Best Things To Do In Taiwan
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Top 10 Things To Do In Taipei, Taiwan

With a population of 2.6 million people, Taipei is the thriving capital of Taiwan where old and new collide in a perfect balance. When I booked my flights to Taiwan I hadn’t heard much about it as a travel destination, but I was more than impressed. It is a melting pot of food, culture, and history, with a modern transport system, fantastic accommodation and all the amenities you need for travel.


My first destination was Taipei, which I thought would just be an in-and-out place to catch my flights, but I ended up staying for five amazing days. There were way more things to do in Taipei than I had initially anticipated, and a lot more that I didn’t even have time to experience! After a few days exploring the capital, here are my Top 10 Things To Do In Taipei, Taiwan. And the best part? All of these are free!




Want the best view of the Taipei skyline without having to fork out $30AUD to go up the Taipei 101 observation deck? Climbing Elephant Mountain is the best way to go. This 20 minute walk takes you to several viewing points providing panoramic vistas over Taipei and the world’s previously tallest building, Taipei 101.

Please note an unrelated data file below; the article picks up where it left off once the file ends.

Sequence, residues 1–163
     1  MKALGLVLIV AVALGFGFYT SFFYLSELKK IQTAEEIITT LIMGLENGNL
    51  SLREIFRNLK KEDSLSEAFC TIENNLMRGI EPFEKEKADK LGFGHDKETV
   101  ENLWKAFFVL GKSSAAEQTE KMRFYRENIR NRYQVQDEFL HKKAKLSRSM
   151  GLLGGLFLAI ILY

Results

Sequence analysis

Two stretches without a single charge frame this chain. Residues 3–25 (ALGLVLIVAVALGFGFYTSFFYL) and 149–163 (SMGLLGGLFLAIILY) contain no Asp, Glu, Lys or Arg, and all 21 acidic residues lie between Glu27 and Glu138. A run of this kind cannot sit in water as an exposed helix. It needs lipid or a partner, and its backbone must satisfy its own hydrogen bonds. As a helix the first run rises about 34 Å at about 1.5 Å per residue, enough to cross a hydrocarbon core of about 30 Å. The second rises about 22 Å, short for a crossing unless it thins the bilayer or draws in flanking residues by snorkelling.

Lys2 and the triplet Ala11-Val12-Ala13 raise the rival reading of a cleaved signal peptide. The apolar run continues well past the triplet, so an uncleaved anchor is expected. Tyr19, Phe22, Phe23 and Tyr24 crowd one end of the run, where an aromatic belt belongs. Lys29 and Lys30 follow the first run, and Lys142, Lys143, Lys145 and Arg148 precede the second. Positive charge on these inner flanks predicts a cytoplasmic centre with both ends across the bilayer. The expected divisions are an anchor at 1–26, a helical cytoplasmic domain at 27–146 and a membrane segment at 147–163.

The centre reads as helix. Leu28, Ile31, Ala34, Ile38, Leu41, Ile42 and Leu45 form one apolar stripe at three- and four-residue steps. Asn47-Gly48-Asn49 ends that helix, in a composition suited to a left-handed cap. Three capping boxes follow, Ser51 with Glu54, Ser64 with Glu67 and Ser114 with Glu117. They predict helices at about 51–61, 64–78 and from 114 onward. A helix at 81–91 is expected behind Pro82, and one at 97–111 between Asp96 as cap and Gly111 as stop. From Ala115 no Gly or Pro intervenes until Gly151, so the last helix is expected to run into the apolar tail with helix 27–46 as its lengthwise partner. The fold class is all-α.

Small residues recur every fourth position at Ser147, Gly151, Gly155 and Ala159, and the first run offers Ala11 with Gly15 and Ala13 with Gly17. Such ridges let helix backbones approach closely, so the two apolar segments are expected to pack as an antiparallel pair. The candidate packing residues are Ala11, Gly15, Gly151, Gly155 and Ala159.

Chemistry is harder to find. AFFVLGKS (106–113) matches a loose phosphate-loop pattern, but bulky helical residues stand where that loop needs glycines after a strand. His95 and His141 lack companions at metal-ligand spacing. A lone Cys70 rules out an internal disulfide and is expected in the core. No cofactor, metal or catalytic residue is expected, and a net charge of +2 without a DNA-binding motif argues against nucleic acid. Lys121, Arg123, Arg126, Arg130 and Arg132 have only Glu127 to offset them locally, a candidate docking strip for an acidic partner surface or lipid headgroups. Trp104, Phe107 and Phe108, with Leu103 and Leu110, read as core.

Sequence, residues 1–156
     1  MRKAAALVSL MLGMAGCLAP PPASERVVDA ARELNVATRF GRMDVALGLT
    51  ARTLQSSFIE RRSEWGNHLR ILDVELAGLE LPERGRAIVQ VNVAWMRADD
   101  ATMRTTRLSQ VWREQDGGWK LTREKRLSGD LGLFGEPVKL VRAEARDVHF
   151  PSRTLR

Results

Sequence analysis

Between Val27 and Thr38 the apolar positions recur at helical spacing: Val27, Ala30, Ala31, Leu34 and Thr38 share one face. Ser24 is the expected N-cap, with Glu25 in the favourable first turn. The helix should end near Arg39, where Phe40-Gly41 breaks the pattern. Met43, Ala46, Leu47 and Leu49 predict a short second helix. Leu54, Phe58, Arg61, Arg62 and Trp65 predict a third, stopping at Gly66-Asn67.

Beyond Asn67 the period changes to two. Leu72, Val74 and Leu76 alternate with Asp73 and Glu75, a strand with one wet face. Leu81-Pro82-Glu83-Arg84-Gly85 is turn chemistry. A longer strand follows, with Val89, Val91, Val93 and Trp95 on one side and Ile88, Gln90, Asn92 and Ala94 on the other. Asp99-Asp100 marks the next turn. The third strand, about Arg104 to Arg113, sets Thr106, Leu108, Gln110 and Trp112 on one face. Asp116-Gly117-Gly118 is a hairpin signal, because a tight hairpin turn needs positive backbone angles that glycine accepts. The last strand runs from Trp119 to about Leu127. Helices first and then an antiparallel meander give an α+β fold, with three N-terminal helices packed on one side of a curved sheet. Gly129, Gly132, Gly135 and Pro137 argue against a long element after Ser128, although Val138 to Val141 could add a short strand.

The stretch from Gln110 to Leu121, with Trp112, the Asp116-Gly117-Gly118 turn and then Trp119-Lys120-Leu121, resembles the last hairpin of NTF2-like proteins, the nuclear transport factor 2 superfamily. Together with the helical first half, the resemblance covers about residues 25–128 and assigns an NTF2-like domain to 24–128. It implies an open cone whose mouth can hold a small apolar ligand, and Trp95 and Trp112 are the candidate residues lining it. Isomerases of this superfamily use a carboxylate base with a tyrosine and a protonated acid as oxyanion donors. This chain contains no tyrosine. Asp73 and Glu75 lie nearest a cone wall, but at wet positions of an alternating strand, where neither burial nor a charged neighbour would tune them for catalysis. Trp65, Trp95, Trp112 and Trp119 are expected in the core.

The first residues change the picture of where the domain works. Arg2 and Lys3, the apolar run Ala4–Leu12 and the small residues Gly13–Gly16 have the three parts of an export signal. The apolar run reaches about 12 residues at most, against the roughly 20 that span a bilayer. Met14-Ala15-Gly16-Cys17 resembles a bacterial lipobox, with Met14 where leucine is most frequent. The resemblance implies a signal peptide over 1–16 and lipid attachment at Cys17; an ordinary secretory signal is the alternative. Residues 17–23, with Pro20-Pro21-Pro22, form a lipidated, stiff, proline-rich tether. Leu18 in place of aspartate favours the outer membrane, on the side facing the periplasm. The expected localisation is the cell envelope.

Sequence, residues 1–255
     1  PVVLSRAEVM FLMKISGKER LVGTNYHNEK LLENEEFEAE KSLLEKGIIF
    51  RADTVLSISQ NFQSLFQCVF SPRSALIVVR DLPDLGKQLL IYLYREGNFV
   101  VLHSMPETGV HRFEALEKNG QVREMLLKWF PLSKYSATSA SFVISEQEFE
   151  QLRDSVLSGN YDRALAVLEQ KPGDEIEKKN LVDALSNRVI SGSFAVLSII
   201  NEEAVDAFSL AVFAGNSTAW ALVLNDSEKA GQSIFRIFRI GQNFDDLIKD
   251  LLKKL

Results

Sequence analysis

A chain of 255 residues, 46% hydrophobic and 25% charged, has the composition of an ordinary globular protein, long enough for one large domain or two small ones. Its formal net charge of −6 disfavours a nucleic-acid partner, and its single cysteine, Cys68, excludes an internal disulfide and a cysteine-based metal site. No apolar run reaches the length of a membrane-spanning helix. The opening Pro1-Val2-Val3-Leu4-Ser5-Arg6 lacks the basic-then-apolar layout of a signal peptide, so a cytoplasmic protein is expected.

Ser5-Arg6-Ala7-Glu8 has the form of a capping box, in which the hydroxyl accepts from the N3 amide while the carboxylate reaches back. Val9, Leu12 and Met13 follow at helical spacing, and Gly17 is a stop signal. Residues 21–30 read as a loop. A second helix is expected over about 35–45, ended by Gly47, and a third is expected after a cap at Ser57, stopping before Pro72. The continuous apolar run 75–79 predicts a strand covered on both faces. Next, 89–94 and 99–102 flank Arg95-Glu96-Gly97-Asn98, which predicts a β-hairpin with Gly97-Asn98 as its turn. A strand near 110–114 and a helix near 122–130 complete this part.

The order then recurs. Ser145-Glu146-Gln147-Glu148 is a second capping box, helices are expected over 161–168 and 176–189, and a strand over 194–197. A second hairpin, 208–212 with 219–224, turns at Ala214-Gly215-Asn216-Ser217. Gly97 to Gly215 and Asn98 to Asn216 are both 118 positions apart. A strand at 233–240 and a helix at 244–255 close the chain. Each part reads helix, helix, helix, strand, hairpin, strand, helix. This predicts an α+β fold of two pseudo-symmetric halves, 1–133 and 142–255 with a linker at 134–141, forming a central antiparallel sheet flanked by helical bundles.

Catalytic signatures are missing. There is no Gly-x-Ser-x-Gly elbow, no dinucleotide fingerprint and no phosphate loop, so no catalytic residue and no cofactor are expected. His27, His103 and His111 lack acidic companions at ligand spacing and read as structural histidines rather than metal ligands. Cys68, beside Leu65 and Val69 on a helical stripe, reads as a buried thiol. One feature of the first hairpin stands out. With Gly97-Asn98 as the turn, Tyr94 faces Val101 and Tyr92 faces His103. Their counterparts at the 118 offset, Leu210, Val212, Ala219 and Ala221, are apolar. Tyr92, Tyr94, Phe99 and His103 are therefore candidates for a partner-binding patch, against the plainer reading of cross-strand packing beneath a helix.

SEE MORE: Everything You Need To Know About Climbing Elephant Mountain




Taipei’s night markets are an iconic part of the city, and none is more well-known than Shilin Night Market. The sprawling market with almost 400 stalls starts at 4pm but erupts into life after sunset. There are so many fantastic Taiwanese foods to try here and watching them be prepared is downright fascinating. The crowds here swell and you really are shoulder-to-shoulder with people, but there is beauty in this chaos so just embrace it! Foods to try are the extra large fried chicken from Star, fried dumplings, the famous Taiwanese double hot dog, and the chopped mushrooms (pictured above)



READ MORE: Taiwan Street Food: Best Local Eats (And Where To Actually Find Them)




Ximending is the youthful shopping district of Taipei complete with flashing lights, a pedestrian-only zone, and copious amounts of bubble tea. A visit to Ximending is reminiscent of Myeongdong in Seoul and is a lot of fun. Whether you want to people-watch or browse some of the hilarious stall items, there is plenty to keep you occupied here. And, as with a lot of places in Taipei you’ll come to learn, Ximending transforms into a street market at nightfall.